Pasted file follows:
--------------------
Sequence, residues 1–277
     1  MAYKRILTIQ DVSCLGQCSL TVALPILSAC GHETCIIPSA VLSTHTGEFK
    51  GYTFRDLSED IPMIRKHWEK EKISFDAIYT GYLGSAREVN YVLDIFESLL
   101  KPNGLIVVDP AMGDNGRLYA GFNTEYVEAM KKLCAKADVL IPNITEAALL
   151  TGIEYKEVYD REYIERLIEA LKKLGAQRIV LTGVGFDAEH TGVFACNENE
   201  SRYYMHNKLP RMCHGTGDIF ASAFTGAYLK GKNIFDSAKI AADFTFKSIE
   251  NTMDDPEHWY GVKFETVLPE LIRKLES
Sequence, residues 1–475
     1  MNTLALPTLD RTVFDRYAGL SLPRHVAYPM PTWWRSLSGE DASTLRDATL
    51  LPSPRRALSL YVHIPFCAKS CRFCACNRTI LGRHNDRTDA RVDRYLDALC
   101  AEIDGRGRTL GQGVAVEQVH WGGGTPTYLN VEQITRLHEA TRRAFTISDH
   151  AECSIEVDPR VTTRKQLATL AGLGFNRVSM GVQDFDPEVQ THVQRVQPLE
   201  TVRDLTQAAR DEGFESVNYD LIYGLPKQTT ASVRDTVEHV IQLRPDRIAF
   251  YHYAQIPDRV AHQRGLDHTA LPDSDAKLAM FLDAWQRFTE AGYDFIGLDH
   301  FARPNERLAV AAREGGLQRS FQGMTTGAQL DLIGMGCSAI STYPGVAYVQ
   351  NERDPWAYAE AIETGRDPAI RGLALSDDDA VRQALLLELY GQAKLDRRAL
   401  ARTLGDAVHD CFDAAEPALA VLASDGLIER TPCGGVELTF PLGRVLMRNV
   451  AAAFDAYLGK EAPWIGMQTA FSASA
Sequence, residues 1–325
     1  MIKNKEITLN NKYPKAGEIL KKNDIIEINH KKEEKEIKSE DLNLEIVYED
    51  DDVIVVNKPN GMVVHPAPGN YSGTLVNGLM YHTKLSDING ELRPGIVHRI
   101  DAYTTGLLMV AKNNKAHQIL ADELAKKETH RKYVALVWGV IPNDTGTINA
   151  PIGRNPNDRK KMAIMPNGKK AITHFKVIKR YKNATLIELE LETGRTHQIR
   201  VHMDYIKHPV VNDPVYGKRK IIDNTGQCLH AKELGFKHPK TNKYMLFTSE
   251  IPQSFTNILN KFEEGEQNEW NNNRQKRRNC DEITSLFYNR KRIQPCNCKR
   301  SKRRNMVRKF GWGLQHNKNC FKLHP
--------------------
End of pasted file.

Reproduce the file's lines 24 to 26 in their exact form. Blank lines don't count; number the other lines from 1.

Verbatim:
   201  VHMDYIKHPV VNDPVYGKRK IIDNTGQCLH AKELGFKHPK TNKYMLFTSE
   251  IPQSFTNILN KFEEGEQNEW NNNRQKRRNC DEITSLFYNR KRIQPCNCKR
   301  SKRRNMVRKF GWGLQHNKNC FKLHP